I was 24, living in a new house and I could do what I wanted, or so I though – recipe for disaster!!  I changed jobs to get more money and away from the sick days.  But they always followed.  A new boyfriend came and went as I prioritised my partying and drinking.  Now in hindsight I can see he finished with me because of the drinking as I had now graduated to mid week beers with a friend of mine.  I remember the first time going round to her house and there were her parents enjoying wine and her having beer – not just a couple but as many as she wanted – jesus I wanted that!  Because of my dads drinking in the house we hated and despised home drinking – it was a pure sign of an alchy!!  But here was my friend and her parents doing it without being alcoholics!!!  I didn’t even know that existed – what a revelation.  So began the mid week drinking – much to my mums disgust.  But I was an adult in charge of my own drinking and I wasn’t an alcoholic – no sir!  Did I mention I was a really greedy drinker?  Oh and forgot when to stop sometimes?  Mmmmh?!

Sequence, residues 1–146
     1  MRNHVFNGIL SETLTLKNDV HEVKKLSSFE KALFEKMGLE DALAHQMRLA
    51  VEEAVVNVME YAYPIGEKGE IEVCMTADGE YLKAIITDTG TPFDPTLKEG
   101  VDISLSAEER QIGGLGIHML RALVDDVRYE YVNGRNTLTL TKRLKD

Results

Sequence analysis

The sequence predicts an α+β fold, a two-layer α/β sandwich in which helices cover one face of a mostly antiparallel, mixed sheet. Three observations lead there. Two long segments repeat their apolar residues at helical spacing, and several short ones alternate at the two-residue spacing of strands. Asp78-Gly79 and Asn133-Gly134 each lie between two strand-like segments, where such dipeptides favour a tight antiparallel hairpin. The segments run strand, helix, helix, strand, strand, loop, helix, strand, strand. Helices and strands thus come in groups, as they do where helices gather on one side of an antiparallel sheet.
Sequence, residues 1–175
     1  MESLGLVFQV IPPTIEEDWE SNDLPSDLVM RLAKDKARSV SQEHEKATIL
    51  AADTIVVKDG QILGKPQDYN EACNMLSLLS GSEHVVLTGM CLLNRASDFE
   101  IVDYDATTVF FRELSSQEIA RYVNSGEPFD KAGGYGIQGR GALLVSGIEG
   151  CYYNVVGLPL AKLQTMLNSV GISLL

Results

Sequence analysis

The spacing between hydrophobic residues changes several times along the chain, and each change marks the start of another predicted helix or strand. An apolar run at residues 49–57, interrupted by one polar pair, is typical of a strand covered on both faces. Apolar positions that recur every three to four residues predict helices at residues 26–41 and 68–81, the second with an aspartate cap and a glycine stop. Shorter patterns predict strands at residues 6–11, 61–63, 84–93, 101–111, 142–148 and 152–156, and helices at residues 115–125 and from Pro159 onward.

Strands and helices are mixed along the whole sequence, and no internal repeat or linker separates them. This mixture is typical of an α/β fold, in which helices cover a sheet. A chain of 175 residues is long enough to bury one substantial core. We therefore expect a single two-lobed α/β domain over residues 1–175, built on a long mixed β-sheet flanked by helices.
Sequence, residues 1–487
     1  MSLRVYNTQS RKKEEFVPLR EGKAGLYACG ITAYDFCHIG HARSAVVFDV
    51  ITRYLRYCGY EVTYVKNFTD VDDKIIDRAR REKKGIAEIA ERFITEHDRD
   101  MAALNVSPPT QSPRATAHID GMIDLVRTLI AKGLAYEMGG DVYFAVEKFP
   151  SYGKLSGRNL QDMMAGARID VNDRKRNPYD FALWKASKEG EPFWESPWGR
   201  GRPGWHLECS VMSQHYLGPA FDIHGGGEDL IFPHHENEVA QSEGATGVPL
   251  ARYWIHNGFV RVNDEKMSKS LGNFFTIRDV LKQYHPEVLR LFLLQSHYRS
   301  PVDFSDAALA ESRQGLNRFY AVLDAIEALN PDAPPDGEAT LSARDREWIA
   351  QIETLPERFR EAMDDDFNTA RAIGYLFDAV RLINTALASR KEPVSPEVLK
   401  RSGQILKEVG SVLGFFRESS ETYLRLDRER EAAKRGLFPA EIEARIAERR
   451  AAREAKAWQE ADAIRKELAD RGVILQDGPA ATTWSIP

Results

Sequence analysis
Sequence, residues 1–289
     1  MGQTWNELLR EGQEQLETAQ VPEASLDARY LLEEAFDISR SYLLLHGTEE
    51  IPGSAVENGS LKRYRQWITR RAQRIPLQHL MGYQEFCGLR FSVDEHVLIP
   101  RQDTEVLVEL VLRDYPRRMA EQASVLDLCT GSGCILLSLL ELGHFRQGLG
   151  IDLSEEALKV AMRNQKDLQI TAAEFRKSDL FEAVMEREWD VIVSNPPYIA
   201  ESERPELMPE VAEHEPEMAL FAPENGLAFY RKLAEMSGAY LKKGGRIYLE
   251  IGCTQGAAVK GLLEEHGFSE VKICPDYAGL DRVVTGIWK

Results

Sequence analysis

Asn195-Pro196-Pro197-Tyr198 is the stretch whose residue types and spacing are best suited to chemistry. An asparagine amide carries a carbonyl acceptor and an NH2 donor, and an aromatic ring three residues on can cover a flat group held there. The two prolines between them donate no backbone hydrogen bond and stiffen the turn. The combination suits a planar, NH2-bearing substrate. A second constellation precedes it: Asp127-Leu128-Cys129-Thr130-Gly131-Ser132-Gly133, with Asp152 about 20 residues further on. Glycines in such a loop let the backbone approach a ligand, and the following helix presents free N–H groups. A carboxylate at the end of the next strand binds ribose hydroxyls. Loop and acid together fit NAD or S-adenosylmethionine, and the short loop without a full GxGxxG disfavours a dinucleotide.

At 28 mum and I were rowing more and more and I put it down to both of us being adult women and both wanting to rule the roost.  Reality was my mum had enough of my drinking and partying and wanted peace.  I was bringing people back to the house after nights out while she slept in bed or I was going to parties and not coming home for days.  I put this all down to that’s the way we all were – everyone was doing it!  But actually most people were settling down, getting married and having kids.  Oh and yes, they were drinking and partying moderately.  I would joke that I didn’t do moderation – all or nothing, that was my thing.  And while lots of others moved on with family or careers I was the friend that was only good for a party.  Where I thought they probably wanted to be me, with their boring lives, I now realise that they probably pitied me – when is she ever going to grow up!!